Raising children doesn’t have to hurt so much
Thursday, September 15, 2005
Ten tips At a friend’s baby shower in 2003, the guests were encouraged to offer advice to the new mom while she opened their presents. Before I had my daughter, my ignorance of children left me with only one piece of solid advice: read to your child. While that’s good advice, it’s not very creative.
By the time this party rolled around, I had a 1-year-old daughter and solid advice that no one ever told me until it was too late: strengthen your muscles. Your body must be ready to handle your child’s ever-increasing weight. When I gave my smart advice, everyone looked at me funny. Even the new mom rolled her eyes and said, "You always have to be different, don’t you?"
Six months later, I heard that her back was aching from her son’s most recent overnight weight gain and she wished she had paid more attention to my advice.
Sally Fansler, a licensed physical therapist and owner of Clybourn Physical Therapy in Chicago, works with many parents and their parenting-related ailments.
"From the time a woman starts gaining weight during pregnancy through the toddler years, her lower back takes a great deal of stress. Strength or flexibility preparation is really important to be able to withstand the abnormal stresses that her body has to go through during those years," says Fansler.
I know it’s difficult for parents to find time to exercise. I have only one child and my yoga sessions are sporadic, at best. But by following these tips, parents can change their habits in small ways to help avoid injury and strain.
1Ask for help. While pregnant, ask your obstetrician or midwife about proper posture and exercises to strengthen your muscles in preparation for your baby. Moms and dads can exercise together.
2Consider the changing table. Don’t just pick a changing table that’s cute, make sure it’s the right height for mom and dad. You’ll be spending a great deal of time bending over and changing diapers for the next couple of years. You want to make sure that your arms can comfortably reach the top of the table. Don’t choose a changing table that will have either of you doubled over—or back pain will follow.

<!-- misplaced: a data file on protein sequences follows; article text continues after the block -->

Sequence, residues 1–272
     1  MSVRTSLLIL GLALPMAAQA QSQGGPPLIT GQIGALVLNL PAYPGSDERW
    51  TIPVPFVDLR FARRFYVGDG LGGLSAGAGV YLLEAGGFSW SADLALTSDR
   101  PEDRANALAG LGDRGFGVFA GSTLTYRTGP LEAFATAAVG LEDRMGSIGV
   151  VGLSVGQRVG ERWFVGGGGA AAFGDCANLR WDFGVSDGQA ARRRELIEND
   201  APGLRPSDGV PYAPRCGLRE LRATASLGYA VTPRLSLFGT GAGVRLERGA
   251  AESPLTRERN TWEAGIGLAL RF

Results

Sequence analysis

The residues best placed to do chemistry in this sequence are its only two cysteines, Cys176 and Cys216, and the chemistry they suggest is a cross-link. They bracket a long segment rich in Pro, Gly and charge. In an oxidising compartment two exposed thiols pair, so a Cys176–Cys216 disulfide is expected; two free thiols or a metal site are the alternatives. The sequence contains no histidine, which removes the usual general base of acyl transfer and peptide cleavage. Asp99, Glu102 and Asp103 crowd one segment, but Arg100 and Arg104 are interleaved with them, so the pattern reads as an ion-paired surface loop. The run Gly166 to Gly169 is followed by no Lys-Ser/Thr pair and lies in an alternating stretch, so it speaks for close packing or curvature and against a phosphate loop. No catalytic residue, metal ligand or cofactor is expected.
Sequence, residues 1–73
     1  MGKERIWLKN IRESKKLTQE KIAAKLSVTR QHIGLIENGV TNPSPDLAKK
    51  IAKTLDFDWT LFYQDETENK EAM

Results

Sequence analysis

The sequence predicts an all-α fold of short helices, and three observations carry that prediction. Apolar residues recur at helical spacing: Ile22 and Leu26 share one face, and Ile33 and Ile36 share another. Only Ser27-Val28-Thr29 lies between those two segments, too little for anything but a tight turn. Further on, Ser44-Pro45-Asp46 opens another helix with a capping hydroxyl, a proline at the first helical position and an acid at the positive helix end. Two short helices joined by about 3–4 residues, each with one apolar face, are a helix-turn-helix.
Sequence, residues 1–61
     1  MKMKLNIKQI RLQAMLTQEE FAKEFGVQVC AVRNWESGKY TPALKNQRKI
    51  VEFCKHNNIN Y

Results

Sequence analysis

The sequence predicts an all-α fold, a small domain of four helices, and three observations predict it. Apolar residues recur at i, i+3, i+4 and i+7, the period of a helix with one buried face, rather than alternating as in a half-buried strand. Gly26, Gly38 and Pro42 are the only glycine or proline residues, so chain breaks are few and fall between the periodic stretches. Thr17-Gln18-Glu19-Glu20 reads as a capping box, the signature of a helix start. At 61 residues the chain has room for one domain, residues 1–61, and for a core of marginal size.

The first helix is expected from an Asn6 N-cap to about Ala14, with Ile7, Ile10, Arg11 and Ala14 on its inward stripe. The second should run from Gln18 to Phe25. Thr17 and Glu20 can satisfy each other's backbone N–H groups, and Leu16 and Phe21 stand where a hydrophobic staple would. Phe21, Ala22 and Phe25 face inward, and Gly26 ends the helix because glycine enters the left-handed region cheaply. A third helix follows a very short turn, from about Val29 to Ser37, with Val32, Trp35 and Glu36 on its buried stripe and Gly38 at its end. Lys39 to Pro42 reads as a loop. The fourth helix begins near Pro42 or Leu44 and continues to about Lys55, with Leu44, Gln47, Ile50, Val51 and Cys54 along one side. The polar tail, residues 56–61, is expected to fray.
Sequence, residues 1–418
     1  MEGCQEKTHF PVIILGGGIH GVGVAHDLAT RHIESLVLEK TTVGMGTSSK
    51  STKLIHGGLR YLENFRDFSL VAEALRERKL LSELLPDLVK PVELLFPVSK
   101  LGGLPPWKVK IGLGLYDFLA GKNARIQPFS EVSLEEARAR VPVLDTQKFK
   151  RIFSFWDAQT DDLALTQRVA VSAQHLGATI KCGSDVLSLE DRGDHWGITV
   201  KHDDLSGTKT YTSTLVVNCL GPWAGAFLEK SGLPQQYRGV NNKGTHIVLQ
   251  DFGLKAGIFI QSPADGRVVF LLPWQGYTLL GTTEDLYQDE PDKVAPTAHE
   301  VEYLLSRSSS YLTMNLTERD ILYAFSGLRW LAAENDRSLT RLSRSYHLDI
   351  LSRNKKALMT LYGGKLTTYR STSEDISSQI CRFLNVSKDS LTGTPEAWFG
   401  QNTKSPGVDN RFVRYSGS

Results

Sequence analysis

3 Nurse with good posture. While nursing your new baby be sure your body is well supported. "Mothers need to bring the baby to them instead of leaning over," says Amy Johnson, a leader for the La Leche League of Schaumburg. Johnson also recommends using throw pillows. "A small pillow under the arms, back or the baby during breastfeeding will help prevent strain."
Even dads can benefit from this advice. While seated and holding your baby, support your arms with pillows. My husband, Tim, used my Boppy support pillow as much, if not more, than I did to keep proper posture.
4Read the instructions. Baby carriers allow parents to hold their child close while using both hands. But if your carrier causes back pain, be sure you are using it correctly. Some are best for infants. Others can be adjusted.
5Lower the railing. Life with a baby is fast paced. But some shortcuts only cause more pain. "Lower the crib railing each time you take the child out instead of bending over the railing to avoid lower back pain," says Fansler.
6Look at your baby when picking him up. That baby is the light of your life. No one will blame you for focusing on his sweet face. They’ll never suspect you’re protecting yourself. If you turn your neck the opposite direction while lifting, you risk pulling neck muscles.
7Lift with your legs, not your back. This takes the pressure off of those delicate muscles in your back. "Even though new mothers are more susceptible than new dads to back injury due to the stresses of pregnancy, men also need to utilize proper body mechanics to avoid stress injuries," says Fansler.
8Avoid "mother’s thumb" and "mother’s wrist." Lifting your baby can cause pain and stress to your thumbs and wrists, resulting in tendinitis. Take the pressure off your joints by cradling your baby with your arms as you lift her.
9Keep moving. Admit it—it’s easier to prop a child on your hip than to have him following you everywhere, tugging on your leg. But this loving hold can quickly strain your hips. Fansler suggests frequently switching sides when holding a child on your hip to avoid injury.
10 Seek help. If you feel any nagging joint pain, see your doctor. He or she can offer exercises and referrals to physical therapists or orthopedists. Don’t let an injury worsen over time. Recovery will only take longer and may result in surgery.
Michelle Sussman is a mom, wife and writer living in Bolingbrook who learned about back pain and mother’s wrist the hard way.